Between 2000 and 2009, Michigan ranked last in the nation in growth in population, real per capita gross domestic product (GDP), and employment. Michigan became poorer relative to other states as its per capita personal income national ranking fell from 19th highest in 2000 to 41st highest in 2009.

Coinciding with national trends, the Michigan economy has seen signs of improvement, following the end of the national recession in mid-2009. Although still short of its pre-recession levels, the state’s real GDP grew by 11 percent from 2009 to 2012. Annual real GDP growth in Michigan exceeded the national average in both 2010 and 2011, and economists expect state GDP growth to remain steady. Michigan’s real GDP growth in 2011 was the 5th highest in the nation, though its rank fell to 18th highest in 2012. Also, the state unemployment rate dropped to 8.8 percent as of July 2013, down over five percentage points since its peak at 14.2 percent in August 2009. February 2010 marked the end of a 47-month streak in which Michigan had the highest unemployment rate in the country. However, the unemployment rate in Michigan has not yet recovered to its pre-2001 recession level of 4.7 percent in March 2001.

Similarly, employment in Michigan has also increased since the end of the 2008-09 recession based on data from the Bureau of Labor Statistics (BLS). Seasonally adjusted total non-farm employment rose by about 6.1 percent between June 2009 and May 2013. However, employment in Michigan is still down by 535,900 jobs, about 11.6 percent, since the 2001 recession began. Chart 1 shows the composition of employment in Michigan as of the first quarter of 2013.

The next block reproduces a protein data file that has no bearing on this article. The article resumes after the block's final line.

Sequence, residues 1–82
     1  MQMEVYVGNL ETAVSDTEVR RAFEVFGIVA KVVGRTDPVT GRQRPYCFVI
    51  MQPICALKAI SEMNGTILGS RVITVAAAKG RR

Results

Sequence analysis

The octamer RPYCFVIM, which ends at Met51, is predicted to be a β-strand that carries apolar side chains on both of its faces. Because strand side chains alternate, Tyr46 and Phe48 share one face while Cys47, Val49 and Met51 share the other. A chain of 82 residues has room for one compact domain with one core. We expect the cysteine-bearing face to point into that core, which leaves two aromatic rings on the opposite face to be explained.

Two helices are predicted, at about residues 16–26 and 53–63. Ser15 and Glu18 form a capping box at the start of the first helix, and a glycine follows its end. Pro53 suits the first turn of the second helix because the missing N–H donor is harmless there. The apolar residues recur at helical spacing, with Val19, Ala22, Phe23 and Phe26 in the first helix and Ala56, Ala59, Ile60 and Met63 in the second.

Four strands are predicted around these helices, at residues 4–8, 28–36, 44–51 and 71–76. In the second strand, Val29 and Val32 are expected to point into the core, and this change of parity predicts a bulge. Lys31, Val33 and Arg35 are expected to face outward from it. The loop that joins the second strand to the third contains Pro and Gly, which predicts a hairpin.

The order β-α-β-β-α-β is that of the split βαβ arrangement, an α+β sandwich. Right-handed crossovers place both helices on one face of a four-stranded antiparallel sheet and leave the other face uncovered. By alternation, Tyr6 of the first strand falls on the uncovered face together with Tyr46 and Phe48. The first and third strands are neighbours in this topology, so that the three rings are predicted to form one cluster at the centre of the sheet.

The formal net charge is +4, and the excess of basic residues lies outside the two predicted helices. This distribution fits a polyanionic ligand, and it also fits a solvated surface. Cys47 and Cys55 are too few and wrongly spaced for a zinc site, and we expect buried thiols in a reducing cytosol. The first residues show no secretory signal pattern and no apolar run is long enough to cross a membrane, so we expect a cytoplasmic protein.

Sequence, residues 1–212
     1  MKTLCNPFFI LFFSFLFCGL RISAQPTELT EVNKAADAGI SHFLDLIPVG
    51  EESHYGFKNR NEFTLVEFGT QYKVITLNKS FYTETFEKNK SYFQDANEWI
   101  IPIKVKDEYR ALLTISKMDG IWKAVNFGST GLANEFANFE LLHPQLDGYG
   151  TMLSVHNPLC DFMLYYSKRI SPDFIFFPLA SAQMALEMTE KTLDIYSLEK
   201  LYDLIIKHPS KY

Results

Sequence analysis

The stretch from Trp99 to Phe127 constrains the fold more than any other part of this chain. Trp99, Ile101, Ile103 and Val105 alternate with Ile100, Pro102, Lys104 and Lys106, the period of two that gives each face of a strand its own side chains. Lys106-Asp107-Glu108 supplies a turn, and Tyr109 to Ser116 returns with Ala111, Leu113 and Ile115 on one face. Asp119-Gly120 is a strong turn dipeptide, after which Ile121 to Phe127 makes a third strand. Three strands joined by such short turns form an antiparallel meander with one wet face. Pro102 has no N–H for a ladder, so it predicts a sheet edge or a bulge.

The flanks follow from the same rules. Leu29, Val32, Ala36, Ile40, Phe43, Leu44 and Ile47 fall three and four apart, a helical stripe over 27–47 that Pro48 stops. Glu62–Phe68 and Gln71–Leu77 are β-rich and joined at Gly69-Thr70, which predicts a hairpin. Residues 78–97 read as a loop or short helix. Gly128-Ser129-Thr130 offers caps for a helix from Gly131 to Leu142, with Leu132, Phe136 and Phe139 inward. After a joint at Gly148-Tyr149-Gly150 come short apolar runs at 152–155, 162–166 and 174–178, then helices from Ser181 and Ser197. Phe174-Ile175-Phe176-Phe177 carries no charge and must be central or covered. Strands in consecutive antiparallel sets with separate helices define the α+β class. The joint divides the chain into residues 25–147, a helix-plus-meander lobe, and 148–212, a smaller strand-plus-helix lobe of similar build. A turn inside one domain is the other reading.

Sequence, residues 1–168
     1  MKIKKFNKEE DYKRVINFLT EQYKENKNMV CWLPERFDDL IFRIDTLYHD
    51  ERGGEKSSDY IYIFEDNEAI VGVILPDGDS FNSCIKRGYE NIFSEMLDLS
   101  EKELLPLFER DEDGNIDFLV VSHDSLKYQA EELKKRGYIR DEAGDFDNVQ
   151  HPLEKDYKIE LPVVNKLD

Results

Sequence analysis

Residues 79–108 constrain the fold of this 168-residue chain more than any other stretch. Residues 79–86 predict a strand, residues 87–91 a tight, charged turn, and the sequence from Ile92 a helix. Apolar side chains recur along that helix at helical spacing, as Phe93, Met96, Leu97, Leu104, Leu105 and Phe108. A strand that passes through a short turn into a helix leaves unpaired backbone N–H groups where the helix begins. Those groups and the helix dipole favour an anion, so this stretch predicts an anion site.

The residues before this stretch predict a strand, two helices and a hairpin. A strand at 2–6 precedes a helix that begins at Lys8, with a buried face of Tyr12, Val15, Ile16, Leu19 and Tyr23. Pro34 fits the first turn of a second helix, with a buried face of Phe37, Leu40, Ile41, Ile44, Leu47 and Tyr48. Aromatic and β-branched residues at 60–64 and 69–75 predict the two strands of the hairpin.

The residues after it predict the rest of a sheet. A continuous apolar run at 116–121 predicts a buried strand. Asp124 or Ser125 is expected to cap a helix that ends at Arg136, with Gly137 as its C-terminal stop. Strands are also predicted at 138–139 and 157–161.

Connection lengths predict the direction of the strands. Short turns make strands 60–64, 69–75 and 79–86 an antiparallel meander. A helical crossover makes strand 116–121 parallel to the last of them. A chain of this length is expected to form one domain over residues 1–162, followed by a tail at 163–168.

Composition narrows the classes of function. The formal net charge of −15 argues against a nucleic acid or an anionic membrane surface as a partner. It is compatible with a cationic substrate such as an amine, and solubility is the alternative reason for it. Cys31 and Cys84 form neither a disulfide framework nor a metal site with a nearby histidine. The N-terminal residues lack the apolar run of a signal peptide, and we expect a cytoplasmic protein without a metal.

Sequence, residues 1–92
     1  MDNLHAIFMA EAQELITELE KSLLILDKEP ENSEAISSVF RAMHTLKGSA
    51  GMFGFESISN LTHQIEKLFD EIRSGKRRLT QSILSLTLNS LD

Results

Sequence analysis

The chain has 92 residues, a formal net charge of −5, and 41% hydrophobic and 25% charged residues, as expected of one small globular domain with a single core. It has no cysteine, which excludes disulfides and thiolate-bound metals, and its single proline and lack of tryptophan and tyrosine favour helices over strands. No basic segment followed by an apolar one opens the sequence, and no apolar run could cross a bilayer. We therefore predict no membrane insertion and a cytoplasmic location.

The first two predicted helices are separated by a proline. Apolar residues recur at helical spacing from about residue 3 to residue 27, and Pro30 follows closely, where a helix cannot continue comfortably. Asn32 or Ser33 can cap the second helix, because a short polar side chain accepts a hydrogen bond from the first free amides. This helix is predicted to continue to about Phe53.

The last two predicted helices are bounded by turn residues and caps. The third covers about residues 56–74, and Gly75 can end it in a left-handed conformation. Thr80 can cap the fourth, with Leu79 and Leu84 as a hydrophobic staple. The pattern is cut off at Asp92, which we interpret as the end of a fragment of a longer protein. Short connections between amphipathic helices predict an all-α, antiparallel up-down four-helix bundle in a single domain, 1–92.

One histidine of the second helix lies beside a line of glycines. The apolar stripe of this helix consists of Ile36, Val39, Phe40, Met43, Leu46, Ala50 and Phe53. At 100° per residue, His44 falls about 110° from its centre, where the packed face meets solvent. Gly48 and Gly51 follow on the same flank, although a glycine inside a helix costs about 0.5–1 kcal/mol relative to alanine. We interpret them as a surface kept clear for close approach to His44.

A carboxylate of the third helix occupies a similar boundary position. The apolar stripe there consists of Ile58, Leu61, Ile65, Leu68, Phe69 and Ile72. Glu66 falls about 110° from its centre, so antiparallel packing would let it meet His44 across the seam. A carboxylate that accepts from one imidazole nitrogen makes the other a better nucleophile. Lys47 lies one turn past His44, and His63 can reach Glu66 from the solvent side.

In response to the near decade-long economic decline, the State of Michigan was forced to make significant spending changes that transformed the composition of the state budget. State budget decisions directly impacted public sector employment levels for both the state government sector, as well as, the local government sector. Between Fiscal Year 2000 (FY2000) and FY2010, total state spending increased by 26.3 percent, keeping pace with inflation growth (22.5 percent) over the period. However, much of the increased state spending was financed by federal aid, not state resources, as state revenue growth was constrained by the effects of the weak economy on major tax receipts. State spending from state resources only increased by 2.5 percent during the same period. As a result, the composition of the state budget was transformed; state expenditures increased for K-12 education (8 percent), corrections (27 percent), and on Medicaid (34 percent), while funding distributed to local governments through state revenue sharing decreased by 34 percent, and appropriations for higher education decreased by 14 percent.